Nearly 70% of the Medicaid-eligible population is enrolled in a Medicaid managed care plan. Managed care plans are private healthcare plans that receive prospective per-enrollee per-month capitation payments from states and are then responsible for managing and paying for enrollees’ health care. Capitation payments to plans are “risk-adjusted”, meaning that they differ to reflect differences in health care needs across patient populations. However, our results suggest that inadequate adjustment for patient risk penalizes plans (and providers) with unobservably higher-risk patients, incentivizes plans and providers to engage in risk-selection strategies that are wasteful and can undermine quality of care, and leads public-reporting initiatives to potentially misinform patients.
Researchers from Yale School of Public Health analyzed Louisiana Medicaid data to assess the degree to which risk-adjusted measures of health plan performance reflect differences in performance across plans versus differences in patient characteristics (residual confounding). The authors examined data from 2013 and 2014, the period in which Louisiana Medicaid transitioned to Medicaid managed care. The analyses focused on 137,933 eligible residents in the first region to transition to Medicaid managed care. Of those, 94,972 did not select a plan and were randomly assigned to one of 5 plans, creating a natural experiment. The remaining 42,961 chose among the same 5 plans. The authors compared each of the 5 plans’ risk-adjusted performance between the patients who selected a plan and “gold standard” estimates of plan performance based on patients who were randomly assigned. The authors found that risk-adjusted measures of plan performance based on enrollees that chose plans differed substantially from estimates based on randomly assigned enrollees, with residual confounding only modestly reduced by risk adjustment . The authors suggest that the results should serve as a warning to policymakers who assume current risk adjustment is sufficient to measure the performance of plans (or providers) and the study discusses several implications of the findings for how payers and providers assess performance and deploy risk-adjustment in public insurance programs.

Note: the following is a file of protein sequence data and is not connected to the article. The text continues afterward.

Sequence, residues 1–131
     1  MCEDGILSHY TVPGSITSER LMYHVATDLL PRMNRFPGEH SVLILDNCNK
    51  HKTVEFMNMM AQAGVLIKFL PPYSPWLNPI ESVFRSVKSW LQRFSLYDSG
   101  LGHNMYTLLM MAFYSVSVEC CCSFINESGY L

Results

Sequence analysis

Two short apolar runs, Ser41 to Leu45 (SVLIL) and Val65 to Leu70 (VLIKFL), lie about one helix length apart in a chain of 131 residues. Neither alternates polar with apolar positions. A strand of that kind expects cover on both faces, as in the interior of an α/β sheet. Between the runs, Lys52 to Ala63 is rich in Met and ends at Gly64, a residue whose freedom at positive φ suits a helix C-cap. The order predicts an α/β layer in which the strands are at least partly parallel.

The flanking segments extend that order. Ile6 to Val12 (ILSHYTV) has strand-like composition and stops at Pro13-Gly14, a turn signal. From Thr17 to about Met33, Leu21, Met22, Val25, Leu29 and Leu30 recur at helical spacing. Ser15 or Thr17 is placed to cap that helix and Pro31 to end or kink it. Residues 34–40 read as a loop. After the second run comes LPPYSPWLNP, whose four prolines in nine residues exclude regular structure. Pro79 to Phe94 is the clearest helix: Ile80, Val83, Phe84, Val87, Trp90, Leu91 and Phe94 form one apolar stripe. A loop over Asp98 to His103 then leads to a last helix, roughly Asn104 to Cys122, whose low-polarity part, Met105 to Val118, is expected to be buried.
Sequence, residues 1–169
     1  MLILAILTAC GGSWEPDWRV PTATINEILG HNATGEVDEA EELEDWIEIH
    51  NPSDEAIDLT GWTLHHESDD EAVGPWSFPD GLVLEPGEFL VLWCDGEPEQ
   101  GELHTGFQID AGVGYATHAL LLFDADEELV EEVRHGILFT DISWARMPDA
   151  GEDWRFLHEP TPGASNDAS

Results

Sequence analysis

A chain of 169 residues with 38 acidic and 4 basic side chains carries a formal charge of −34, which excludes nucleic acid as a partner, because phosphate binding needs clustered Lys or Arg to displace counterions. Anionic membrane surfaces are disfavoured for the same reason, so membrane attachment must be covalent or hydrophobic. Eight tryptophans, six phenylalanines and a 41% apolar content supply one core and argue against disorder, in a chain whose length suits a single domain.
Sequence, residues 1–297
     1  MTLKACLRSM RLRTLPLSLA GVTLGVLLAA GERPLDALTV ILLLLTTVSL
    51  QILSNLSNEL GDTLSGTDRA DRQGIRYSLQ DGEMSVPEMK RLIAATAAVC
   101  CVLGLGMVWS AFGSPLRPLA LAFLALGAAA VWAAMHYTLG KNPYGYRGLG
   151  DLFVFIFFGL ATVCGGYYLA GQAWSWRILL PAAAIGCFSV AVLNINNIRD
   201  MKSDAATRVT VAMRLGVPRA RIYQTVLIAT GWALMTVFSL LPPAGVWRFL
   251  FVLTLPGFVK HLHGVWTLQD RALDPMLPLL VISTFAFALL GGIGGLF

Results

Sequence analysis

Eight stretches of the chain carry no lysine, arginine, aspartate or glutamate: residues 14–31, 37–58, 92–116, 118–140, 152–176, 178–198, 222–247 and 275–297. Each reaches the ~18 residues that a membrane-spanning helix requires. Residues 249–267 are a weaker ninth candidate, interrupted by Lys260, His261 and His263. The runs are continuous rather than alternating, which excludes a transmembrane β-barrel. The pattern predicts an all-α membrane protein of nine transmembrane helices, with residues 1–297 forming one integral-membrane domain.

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3. NIH Workshop participants find that health and prevention research on Asian American, Native Hawaiian and Pacific Islander populations is urgently needed to eliminate disparities and promote health equity